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Does Tariff Liberalization Increase Wage Inequality? Some Empirical Evidence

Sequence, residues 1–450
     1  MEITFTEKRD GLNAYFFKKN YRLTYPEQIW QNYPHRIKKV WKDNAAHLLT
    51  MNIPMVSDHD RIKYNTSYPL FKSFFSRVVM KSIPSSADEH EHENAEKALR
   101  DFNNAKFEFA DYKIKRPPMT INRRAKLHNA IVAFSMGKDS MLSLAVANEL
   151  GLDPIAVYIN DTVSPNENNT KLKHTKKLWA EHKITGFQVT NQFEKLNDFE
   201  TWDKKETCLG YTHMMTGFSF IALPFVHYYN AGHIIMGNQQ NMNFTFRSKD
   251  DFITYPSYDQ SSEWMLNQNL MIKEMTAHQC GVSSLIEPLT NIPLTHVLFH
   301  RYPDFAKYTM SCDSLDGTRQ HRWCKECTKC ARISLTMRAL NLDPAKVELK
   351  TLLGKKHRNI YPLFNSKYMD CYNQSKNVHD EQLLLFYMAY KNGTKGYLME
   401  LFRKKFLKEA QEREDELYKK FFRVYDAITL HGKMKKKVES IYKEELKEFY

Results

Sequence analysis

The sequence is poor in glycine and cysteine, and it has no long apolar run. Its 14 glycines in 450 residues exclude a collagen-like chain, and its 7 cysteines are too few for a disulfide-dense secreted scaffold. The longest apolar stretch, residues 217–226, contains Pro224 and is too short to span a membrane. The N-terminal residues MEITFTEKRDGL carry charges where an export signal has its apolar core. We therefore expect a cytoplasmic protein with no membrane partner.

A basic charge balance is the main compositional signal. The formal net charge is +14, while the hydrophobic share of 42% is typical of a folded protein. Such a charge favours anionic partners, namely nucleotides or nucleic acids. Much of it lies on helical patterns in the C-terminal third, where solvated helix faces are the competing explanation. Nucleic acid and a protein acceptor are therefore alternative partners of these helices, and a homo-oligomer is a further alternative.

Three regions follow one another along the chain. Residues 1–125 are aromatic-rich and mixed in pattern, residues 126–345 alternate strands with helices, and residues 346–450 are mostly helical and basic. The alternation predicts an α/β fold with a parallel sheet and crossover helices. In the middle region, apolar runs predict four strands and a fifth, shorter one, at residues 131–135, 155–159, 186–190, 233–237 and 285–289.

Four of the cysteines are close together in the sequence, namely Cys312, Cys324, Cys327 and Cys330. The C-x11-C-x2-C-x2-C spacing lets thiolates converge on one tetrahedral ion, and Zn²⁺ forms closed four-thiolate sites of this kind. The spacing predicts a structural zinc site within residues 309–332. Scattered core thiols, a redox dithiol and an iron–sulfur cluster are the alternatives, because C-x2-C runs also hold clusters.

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Does Tariff Liberalization Increase Wage Inequality? Some Empirical Evidence This PDF is a selection from a published volume from the National Bureau of Economic Research Volume Title: Globalization and Poverty Volume Author/Editor: Ann Harrison, editor Volume Publisher: University of Chicago Press Volume ISBN: 0-226-31794-3 Volume URL: http://www.nber.org/books/harr06-1 Conference Date: September 10-12, 2004 Publication Date: March 2007 Title: Does Tariff Liberalization Increase Wage Inequality? Some Empirical Evidence Author: Branko Milanovic, Lyn Squire URL: http://www.nber.org/chapters/c0118 143 4.1 Introduction The evidence reported and reviewed elsewhere in this volume suggests that increasing openness to trade is associated with higher growth and that growth can in turn explain much of the observed reduction in poverty (see in particular Harrison’s introduction to this volume). A secondary ques- tion is whether the poor benefit as much as, more than, or less than other members of society as a result of trade liberalization. The relationship be- tween trade liberalization and the distribution of income remains a hotly debated issue even though standard theory in the shape of the two-factor, two-country Heckscher-Ohlin model provides an unambiguous predic- tion: trade liberalization will increase the relative price of the abundant fac- tor, which in the case of developing countries is usually taken to be un- skilled labor. This in turn should reduce inequality. As argued elsewhere in this volume, however, the Heckscher-Ohlin spec- ification is a drastic simplification of a complex phenomenon, and rela- tively minor steps toward greater realism or a shift in focus toward differ- ent aspects of trade liberalization complicate matters (Davis and Mishra, chap. 2 in this volume). To take just one example, Feenstra and Hanson (1997) focus on a different form of “trade”: the transfer of production from Branko Milanovic is a senior associate in the Global Policy

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